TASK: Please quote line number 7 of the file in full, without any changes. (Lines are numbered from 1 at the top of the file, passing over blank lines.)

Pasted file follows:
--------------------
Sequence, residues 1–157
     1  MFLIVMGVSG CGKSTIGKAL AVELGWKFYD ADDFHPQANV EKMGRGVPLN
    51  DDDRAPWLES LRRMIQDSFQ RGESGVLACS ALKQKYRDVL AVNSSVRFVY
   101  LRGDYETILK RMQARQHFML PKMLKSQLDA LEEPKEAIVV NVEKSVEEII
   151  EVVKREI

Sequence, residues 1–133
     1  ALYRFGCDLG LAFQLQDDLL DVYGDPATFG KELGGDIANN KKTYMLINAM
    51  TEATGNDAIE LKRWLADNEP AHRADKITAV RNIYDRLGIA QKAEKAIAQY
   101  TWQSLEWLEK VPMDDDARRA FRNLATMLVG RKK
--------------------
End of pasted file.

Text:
     1  ALYRFGCDLG LAFQLQDDLL DVYGDPATFG KELGGDIANN KKTYMLINAM